Ref: CTALK-2019-0055

Mantle melting productivity on Mercury and the relation with crustal thickness

Charlier, Bernard ; Beuthe, Mikael ; Namur, Olivier ; Rivoldini, Attilio ; Van Hoolst, Tim

Talk presented at American Geophysical Union Fall Meeting, Washington D.C. on 2018-12-11

Abstract: The crust of Mercury was built over its first billion years by intense volcanic activity. Mantle melting and emplacement of lava to the surface produced a secondary crust varying spatially and over time in composition and mineralogy. In this study we consider lateral density variations of the crust obtained from global mineralogical mapping (1) to calculate a new map for the thickness of the crust using the MESSENGER gravity and topography data (2-3). The construction of the global map of crustal thickness relies on the inversion of free-air gravity anomalies, which are due to surface topography, relief at the mantle-crust boundary, and lateral variations of crustal and mantle densities. This study focusses on the effect of lateral variations of crustal density. The mineralogy at the surface translates to pore-free crustal densities of 2,800-3,150 kg.m-3. Maximum crustal density (3,100-3,150 kg.m-3) is found in High-Mg regions that are forsterite-dominated and plagioclase-poor. The lightest crust (2,750-2,800 kg.m-3) is found in Al-rich regions such as the North Volcanic Plain that are plagioclase-dominated. We find that local crustal thickness is statistically correlated with the degree of partial melting of the mantle obtained from surface composition measured by MESSENGER. The highest degree of mantle melting in the equatorial ancient High-Mg region (40-55% partial melting of the mantle) produced the thickest crust (52±12km in a model with 35 km mean crustal thickness) and low-degree melting in the polar North Volcanic plain (20-30%) produced a thinner crust (18±3km in the Low-Mg NVP). The thinnest crust is found in the Caloris impact basin. The correlation between variations of crustal thickness with mantle melting productivity should be used to constrain the geodynamics and mantle convection style in the thin silicate shell of Mercury.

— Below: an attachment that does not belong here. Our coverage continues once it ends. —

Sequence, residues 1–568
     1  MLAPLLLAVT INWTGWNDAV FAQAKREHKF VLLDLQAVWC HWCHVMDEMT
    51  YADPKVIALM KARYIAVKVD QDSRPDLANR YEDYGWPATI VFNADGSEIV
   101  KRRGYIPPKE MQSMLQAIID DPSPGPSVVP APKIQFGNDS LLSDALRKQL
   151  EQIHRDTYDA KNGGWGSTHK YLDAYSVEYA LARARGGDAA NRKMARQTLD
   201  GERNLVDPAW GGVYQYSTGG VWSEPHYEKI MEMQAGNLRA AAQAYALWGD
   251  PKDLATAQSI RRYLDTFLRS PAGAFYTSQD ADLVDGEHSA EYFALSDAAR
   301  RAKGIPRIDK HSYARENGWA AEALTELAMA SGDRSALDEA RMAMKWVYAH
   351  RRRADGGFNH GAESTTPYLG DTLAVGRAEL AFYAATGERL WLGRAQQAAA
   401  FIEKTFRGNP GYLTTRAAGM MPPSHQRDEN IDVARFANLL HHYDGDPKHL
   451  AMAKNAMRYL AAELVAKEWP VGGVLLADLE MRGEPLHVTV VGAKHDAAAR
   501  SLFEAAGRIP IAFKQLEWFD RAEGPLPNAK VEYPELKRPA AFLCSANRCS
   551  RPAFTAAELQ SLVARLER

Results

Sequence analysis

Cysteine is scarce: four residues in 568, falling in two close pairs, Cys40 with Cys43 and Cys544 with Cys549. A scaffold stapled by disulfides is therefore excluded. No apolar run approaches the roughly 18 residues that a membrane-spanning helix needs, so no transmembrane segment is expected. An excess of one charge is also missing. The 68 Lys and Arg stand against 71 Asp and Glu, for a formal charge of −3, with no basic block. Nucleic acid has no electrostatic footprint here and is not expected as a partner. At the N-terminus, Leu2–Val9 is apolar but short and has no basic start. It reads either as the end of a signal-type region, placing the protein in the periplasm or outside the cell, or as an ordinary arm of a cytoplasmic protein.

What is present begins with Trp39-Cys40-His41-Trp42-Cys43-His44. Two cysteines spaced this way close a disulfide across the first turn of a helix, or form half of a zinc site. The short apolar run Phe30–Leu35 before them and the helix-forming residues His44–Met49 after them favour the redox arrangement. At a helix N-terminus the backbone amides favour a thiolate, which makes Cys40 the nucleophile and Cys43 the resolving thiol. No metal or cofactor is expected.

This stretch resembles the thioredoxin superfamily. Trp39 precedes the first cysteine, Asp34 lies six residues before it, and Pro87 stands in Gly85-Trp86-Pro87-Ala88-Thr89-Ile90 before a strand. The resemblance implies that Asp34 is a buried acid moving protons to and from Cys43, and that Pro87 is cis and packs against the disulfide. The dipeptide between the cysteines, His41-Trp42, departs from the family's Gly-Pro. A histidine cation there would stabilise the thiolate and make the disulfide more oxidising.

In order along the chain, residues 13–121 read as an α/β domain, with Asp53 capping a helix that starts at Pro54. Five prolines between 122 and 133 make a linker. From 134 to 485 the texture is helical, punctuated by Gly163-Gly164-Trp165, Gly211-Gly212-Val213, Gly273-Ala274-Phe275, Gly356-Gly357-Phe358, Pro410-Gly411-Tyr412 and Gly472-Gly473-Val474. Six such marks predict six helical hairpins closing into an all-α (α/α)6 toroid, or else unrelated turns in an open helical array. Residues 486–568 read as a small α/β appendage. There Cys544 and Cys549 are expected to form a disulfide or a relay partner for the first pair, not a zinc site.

Links: link
Funding: PRODEX/4000120791/PlanetInterior

The record appears in these collections:
Conference Contributions & Seminars > Conference Talks > Contributed Talks
Royal Observatory of Belgium > Reference Systems & Planetology

 Record created 2019-01-25, last modified 2019-01-25